Gregory D. Johnsen knows a great deal about Yemen. He has traveled to the country several times over the past decade to conduct research on the civil war that divided the country in the 1960s. He speaks and reads Arabic, is pursuing a doctorate in Near Eastern studies at Princeton University, and has earned several fellowships, including a Fulbright, to further his work. Along the way he has also become something of an expert on Al Qaeda’s growing influence in the Arabian Peninsula, which culminated in a book published last year, The Last Refuge: Yemen, Al Qaeda, and the Battle for Arabia (W.W. Norton & Company).
That work earned him spots on National Public Radio and in The New York Times. When it came time to look for a tenure-track position, though, he was warned by colleagues to play down his Al Qaeda expertise. The reason? Nobody wants to hire a scholar focused on terrorism.
“For whatever reason, Al Qaeda research is not viewed as academic or very credible,” says Mr. Johnsen. “It’s not something that a lot of people seem very eager to have.”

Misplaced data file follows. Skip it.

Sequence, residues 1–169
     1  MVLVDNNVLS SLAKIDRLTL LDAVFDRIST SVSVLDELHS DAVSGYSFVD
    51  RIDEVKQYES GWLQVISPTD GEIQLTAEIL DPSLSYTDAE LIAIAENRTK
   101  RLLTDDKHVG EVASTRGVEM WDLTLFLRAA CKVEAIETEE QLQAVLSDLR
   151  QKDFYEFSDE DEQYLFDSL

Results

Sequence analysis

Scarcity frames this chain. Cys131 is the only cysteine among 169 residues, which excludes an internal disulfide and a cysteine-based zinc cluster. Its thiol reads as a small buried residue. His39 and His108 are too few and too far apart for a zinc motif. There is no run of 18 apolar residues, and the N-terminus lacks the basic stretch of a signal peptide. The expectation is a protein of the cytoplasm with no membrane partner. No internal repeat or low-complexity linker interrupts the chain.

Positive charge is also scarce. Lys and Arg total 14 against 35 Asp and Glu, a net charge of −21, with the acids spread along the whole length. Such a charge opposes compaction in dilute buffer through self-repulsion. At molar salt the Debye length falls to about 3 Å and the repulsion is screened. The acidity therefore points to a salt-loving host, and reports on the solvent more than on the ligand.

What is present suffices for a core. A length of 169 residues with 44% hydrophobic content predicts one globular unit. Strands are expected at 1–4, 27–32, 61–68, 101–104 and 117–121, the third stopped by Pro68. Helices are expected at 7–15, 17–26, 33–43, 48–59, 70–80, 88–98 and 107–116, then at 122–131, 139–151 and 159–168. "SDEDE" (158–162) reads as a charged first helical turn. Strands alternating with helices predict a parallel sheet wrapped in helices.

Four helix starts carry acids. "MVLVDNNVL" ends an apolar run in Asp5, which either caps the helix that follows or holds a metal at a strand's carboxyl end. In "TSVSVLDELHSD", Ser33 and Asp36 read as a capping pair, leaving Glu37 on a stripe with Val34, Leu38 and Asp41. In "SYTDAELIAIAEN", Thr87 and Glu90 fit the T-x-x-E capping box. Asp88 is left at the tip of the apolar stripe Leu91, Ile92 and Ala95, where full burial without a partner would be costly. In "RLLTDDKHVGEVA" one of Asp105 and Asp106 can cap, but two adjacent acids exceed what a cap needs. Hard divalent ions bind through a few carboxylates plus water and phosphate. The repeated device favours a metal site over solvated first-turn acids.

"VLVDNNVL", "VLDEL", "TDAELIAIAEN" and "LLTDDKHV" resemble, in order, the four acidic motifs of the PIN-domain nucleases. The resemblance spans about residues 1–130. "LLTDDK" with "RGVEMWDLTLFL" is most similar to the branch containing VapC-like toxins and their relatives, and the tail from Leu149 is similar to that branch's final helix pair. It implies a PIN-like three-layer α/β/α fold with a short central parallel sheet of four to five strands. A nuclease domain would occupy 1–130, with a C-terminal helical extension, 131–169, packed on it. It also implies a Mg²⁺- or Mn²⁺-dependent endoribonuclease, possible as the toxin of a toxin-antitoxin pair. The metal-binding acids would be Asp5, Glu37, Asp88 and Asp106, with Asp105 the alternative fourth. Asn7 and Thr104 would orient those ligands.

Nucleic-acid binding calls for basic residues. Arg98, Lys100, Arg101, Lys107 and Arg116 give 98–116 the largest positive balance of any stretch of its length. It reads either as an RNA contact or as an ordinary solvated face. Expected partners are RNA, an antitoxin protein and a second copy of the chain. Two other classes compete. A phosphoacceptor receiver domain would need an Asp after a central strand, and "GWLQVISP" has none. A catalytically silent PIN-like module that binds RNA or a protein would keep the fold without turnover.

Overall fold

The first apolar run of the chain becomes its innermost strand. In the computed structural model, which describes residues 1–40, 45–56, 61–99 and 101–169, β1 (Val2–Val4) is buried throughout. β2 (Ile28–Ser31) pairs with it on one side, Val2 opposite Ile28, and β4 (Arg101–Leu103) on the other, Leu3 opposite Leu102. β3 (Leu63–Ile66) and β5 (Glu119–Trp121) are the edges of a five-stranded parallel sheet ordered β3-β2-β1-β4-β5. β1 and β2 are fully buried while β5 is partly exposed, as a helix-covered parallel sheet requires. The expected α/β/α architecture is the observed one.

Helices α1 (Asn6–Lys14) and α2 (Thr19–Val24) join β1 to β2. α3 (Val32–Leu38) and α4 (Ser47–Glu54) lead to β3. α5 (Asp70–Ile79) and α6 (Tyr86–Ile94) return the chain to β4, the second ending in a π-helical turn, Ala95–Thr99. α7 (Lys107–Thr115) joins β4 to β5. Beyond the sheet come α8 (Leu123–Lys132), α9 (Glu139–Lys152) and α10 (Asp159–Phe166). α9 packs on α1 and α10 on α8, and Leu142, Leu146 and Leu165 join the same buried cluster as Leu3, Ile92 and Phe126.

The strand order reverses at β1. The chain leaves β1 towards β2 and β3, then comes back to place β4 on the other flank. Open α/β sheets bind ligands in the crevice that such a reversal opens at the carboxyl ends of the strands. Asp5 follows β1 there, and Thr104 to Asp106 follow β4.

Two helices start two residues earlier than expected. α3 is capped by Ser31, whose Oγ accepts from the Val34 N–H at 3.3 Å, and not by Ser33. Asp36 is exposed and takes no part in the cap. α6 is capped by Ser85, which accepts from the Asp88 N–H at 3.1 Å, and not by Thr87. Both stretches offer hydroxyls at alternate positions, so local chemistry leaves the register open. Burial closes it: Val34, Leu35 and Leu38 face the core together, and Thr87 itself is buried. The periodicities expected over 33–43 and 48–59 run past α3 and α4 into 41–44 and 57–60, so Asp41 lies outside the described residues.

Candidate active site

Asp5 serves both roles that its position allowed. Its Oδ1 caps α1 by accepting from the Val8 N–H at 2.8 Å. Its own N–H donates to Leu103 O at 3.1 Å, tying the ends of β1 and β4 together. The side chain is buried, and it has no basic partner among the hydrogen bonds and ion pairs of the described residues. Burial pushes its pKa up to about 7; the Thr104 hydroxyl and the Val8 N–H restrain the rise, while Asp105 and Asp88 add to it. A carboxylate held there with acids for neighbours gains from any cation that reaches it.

Mr. Johnsen’s experience is not unique. Academics who study terrorism, whether just beginning their careers or looking back on decades of work, say it is a tricky field to navigate. The September 11 attacks may have drawn scholarly attention and government money to the topic, but that doesn’t mean it has earned much respect. That’s a problem, the researchers argue, when students are clamoring to learn more about jihadism or radical Islam, when pseudoscholars pass themselves off to the public as experts, and when the government is the only major supporter of such research, encouraging topical studies rather than more-conceptual work. <Read more.>